INDIANAPOLIS — With just over a year of life left in the current farm bill, Indiana Farm Bureau is heavily involved in discussions with representatives on Capitol Hill about what Hoosiers want to see in the upcoming legislation.
Dating back to January 2022, INFB convened a group of member farmers and ag professionals from various regions of the state to form a farm bill task force. These individuals helped review current farm bill policy, heard from industry experts, and discussed each title of the farm bill to come up with recommendations for the organization to prioritize.
“Indiana Farm Bureau has always tried to take a proactive role in helping shape legislation that affects farmers,” said Randy Kron, president of INFB. “Agriculture is made up of so many diverse interests, and it is important that Hoosier farmers and midwestern commodities find their voice in federal policy discussions.”
Of the eight titles discussed, priority focus was placed on the commodity, conservation and nutrition titles.
INFB supports additional, new base acres under certain circumstances. Many small tracts of land are coming back into production that previously were pasture, tobacco, hay or used for other purposes, and are now getting planted to a program crop.
INFB recommends that any climate change initiatives proposed in the farm bill should not be a prerequisite for any other U.S. Department of Agriculture conservation or crop insurance program.
While the farm bill is commonly thought of as a piece of agricultural legislation, the nutrition title of the bill is just as important and beneficial to farmers and ranchers and should be included.
“We’ve been meeting with congressional members during their August recess to inform them of what Hoosier farmers want in the next farm bill,” said Brantley Seifers, national affairs coordinator for INFB. “Although there’s some concern with inflation in the nutrition title, overall, we’re hoping this farm bill will evolve from what we saw in 2018 and not change too drastically.”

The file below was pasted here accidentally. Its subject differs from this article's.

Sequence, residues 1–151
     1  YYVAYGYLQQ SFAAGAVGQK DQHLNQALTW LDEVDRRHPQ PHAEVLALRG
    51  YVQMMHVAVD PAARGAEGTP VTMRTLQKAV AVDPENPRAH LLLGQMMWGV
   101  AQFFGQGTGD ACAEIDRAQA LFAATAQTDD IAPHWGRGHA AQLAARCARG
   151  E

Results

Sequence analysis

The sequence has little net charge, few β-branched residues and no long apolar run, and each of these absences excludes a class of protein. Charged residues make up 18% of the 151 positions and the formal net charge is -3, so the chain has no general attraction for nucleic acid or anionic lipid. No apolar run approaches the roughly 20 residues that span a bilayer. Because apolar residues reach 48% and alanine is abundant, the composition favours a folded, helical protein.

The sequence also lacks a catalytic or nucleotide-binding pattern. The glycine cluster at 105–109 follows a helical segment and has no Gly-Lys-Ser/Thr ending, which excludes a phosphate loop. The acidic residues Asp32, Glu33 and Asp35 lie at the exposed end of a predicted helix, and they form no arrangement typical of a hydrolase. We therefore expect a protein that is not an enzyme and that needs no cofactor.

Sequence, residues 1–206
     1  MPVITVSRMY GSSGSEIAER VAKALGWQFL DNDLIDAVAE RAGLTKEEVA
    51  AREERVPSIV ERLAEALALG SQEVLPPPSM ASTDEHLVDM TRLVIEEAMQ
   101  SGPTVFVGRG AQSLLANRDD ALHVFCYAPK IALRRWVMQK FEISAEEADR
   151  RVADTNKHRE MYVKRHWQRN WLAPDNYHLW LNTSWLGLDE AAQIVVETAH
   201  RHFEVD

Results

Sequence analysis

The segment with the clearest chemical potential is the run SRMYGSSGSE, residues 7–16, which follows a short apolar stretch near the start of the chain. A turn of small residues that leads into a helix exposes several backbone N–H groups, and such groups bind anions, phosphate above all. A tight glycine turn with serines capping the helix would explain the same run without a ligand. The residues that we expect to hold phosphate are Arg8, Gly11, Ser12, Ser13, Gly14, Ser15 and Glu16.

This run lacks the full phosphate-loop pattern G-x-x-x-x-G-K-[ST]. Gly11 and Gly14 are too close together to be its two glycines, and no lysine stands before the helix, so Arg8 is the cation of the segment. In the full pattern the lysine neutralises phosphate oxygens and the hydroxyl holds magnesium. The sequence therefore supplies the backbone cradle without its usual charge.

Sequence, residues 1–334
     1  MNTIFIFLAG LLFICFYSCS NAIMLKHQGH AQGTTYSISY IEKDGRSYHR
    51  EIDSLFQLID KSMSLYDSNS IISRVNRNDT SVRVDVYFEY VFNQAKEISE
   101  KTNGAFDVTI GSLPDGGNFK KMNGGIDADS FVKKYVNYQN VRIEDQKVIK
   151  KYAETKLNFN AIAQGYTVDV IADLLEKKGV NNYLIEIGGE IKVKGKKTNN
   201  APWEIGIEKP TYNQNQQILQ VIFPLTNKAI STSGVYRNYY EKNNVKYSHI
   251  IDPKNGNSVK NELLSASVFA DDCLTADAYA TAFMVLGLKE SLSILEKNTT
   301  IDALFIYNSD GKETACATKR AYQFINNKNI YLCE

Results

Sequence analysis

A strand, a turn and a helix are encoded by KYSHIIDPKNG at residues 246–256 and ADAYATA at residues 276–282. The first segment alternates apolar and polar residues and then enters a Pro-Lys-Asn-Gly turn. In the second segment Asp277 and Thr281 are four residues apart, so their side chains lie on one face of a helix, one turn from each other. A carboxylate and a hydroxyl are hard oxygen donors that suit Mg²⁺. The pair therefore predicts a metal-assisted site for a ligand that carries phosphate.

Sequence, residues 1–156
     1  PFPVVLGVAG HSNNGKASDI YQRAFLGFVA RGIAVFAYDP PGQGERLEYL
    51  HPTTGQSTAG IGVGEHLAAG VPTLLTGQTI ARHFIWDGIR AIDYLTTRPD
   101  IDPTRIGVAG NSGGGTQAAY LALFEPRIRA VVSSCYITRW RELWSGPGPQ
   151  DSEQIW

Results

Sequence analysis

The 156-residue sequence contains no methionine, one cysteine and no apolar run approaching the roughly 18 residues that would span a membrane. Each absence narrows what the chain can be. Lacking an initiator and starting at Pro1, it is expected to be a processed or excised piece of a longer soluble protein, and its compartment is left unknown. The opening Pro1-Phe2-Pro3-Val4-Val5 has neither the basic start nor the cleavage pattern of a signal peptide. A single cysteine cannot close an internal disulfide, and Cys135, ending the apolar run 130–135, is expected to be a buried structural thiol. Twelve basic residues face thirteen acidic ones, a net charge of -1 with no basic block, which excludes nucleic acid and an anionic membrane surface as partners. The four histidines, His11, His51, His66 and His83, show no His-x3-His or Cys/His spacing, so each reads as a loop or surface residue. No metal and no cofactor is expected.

Since the passage of the first Agricultural Adjustment Act in 1933, farm and income support programs have been the core of agricultural policy in the United States. This policy initially began as an emergency response to post-World War I economic distress in agriculture that worsened with the onset of the Depression.
Emergency measures implemented by President Franklin Roosevelt with the first farm bill were designed to provide a short-term fix to the rural economy. However, the programs have been adjusted over time as policymakers have responded to the political, social and economic pressures that agricultural productivity growth, market integration and structural change have imposed on the farm sector.
“Writing a farm bill is a long, complex process that is influenced by many different forces,” said Kron. “The Senate and House agriculture committees, state and national agriculture groups, environmental groups, nutrition groups, and more all participate in this legislative process.” Kron added that many of the congressional leaders have changed since the 2018 farm bill, and since 2022 is a mid-term election year, the current Senate and House agriculture committee chairs could change once again.
These federal policy recommendations will be presented for consideration at the American Farm Bureau Federation’s national convention in January. While adoption of these recommendations is not guaranteed, INFB’s proactive efforts will add to the federal policy discussions and ensure that Indiana interests are heard.
To learn more about INFB’s priorities for the 2023 farm bill and to check out the full report from the farm bill task force, visit www.infb.org.
— Indiana Farm Bureau